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President and CEO Osamu Hashimoto outlines the resin supplier’s strategy to develop more sustainable materials for mobility and other sectors.

Stephen Moore

December 7, 2022

2 Min Read
Mitsui Chemicals President and CEO Osamu Hashimoto
Mitsui Chemicals President and CEO Osamu Hashimoto.Image courtesy of Mitsui Chemicals

Predicting a 10% upswing in polypropylene (PP) compound sales in the second half of its fiscal year ending in March 2023, Mitsui Chemicals President and CEO Osamu Hashimoto says the company is more than well-placed to serve the sustainability needs of its customers in the mobility segment moving forward. He was speaking in Tokyo at his annual CEO presentation.

“We have already received various requests from clients for the supply of recycled PP compounds incorporating post-consumer recyclate,” noted Hashimoto. Molders are currently evaluating colored compounds with 30 to 50% recyclate content exhibiting the same quality as virgin products, according to the company. “We are now working to establish a business model, particularly through our affiliate Advanced Composites in the United States,” he added.

Besides recycled grades, Mitsui Chemicals is also establishing frameworks for plastics based on chemically recycled feedstocks and biomass. In August, the company invested in Asian firm Apeiron Bioenergy, a leading collector and processor of renewable feedstocks including used cooking oil (UCO) and palm oil mill effluent (POME) in order to secure a source of bio-based feedstocks. Earlier, in December 2021, the company took delivery of its first shipment of 3000 tonnes of bio-based naphtha from Neste’s Singapore refinery. Subsidiary Prime Polymer then started shipping its first commercial PP grades, certified using the mass balance method in accordance with ISCC PLUS certification, in March 2022.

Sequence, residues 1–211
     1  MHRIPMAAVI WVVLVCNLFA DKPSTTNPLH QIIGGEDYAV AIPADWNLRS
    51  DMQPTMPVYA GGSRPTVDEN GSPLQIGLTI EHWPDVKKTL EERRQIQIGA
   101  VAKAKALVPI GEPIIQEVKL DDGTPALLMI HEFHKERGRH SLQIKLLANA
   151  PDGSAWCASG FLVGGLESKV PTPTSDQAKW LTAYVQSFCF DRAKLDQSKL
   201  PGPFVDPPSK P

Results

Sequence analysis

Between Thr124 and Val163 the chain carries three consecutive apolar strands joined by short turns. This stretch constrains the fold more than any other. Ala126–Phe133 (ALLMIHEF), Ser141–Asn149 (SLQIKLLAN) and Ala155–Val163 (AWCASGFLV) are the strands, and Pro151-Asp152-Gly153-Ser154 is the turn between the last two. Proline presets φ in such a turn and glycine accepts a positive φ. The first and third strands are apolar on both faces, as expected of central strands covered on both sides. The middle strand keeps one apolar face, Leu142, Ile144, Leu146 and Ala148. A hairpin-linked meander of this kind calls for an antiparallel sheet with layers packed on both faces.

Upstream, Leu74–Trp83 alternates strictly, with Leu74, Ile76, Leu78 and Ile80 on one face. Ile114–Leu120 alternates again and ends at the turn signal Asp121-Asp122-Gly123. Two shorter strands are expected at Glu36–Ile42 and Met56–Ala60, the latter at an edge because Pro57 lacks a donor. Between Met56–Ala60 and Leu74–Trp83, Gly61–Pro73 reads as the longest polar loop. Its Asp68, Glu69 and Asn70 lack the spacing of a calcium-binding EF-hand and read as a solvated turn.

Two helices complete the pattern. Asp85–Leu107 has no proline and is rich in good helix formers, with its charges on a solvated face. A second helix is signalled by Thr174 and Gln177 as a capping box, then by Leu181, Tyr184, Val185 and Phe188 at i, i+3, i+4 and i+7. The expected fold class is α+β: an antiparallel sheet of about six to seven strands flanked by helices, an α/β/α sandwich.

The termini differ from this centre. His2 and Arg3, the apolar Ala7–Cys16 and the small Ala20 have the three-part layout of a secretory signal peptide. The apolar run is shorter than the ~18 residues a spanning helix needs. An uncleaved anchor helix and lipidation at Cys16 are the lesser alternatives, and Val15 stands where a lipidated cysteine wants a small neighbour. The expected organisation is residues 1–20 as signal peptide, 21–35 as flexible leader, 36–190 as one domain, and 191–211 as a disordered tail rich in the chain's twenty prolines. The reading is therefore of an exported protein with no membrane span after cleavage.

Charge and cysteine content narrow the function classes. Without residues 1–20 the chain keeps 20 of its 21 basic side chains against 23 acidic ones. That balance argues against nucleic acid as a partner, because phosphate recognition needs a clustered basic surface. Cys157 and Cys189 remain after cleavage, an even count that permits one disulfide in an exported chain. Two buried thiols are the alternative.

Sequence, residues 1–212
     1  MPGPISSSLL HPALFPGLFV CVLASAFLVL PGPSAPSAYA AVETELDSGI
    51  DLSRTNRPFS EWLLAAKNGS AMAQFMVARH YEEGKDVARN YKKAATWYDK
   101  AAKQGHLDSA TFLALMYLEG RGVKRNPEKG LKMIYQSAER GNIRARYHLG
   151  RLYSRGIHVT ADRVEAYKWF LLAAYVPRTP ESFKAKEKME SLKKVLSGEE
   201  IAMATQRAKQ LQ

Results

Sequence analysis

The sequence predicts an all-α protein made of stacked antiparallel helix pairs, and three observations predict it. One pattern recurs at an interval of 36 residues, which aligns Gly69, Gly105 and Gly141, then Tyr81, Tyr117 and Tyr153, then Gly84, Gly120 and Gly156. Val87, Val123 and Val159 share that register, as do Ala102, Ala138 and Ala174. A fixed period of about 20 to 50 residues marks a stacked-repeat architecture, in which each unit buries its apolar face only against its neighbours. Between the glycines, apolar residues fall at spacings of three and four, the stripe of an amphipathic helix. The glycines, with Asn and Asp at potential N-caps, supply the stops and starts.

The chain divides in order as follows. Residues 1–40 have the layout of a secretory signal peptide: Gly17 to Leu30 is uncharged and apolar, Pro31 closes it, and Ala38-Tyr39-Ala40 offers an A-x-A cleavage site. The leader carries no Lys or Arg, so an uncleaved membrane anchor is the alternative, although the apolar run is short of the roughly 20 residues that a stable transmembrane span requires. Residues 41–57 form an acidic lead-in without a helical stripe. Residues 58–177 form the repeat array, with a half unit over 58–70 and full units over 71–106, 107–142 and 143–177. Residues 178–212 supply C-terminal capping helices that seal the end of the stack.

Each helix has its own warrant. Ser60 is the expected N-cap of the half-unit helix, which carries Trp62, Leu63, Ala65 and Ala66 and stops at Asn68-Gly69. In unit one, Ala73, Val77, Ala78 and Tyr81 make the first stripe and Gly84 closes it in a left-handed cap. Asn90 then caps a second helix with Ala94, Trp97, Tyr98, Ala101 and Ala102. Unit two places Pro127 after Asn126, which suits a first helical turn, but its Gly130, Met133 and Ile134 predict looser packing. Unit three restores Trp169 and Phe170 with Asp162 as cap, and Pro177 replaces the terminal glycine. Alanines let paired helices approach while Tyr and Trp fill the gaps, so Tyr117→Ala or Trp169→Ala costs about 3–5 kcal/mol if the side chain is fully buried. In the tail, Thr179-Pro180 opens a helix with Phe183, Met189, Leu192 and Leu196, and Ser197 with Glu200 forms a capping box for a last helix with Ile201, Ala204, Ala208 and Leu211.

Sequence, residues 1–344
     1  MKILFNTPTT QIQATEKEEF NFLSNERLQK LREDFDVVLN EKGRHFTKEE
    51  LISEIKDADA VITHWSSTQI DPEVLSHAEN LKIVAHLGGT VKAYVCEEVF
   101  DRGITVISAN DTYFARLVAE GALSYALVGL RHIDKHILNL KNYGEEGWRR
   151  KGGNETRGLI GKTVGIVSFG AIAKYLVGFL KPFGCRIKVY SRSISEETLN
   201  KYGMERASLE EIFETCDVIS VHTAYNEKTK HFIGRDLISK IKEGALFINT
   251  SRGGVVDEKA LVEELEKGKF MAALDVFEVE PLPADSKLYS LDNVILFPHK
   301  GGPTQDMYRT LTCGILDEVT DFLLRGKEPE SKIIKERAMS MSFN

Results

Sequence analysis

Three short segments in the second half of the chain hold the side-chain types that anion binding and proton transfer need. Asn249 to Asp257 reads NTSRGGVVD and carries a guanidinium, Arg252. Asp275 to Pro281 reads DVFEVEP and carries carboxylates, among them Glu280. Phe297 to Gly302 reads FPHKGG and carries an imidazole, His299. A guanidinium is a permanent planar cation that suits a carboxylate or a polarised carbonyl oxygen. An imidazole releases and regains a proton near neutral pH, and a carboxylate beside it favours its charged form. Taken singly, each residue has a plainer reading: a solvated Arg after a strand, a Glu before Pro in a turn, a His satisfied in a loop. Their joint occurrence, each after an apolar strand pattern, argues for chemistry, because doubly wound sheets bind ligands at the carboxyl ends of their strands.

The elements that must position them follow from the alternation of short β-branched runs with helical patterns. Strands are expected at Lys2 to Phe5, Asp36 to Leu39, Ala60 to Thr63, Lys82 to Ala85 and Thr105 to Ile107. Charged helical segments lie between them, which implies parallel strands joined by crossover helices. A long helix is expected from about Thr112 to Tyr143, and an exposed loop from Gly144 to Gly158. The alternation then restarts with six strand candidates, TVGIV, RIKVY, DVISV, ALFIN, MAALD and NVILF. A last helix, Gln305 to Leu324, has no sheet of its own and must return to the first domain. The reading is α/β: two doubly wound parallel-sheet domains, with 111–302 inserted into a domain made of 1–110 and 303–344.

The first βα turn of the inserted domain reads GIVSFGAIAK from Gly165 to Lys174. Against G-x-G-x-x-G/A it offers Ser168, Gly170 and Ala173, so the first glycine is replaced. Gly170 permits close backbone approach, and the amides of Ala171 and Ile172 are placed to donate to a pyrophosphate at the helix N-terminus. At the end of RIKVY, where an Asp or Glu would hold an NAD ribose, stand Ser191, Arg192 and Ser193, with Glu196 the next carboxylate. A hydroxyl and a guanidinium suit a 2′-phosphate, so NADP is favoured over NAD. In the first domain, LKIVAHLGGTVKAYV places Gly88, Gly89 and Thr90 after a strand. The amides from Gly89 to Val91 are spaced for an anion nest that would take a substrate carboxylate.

As earlier reported, Mitsui Chemicals is also in the process of developing its own bio-based production technology for propylene, involving the fermentation of various biomass, mainly non-edible plants, to produce isopropanol (IPA), which is then dehydrated to obtain propylene monomer.

In terms of chemical recycling, Mitsui Chemicals is partnering with Microwave Chemical Co. in an initiative aimed at commercializing the use of microwave technology in the chemical recycling of plastic waste. The two partners also plan to apply microwave technology to make carbon fiber via an energy-efficient process.

Carbon capture is another area that Mitsui Chemicals is contemplating. In October 2021, it established the Mitsui Chemicals Inc. – Carbon Neutral Research Center within Kyushu University’s International Institute for Carbon-Neutral Energy Research. One research target is conversion of captured carbon into methanol for use as a feedstock.

About the Author(s)

Stephen Moore

Stephen has been with PlasticsToday and its preceding publications Modern Plastics and Injection Molding since 1992, throughout this time based in the Asia Pacific region, including stints in Japan, Australia, and his current location Singapore. His current beat focuses on automotive. Stephen is an avid folding bicycle rider, often taking his bike on overseas business trips, and is a proud dachshund owner.

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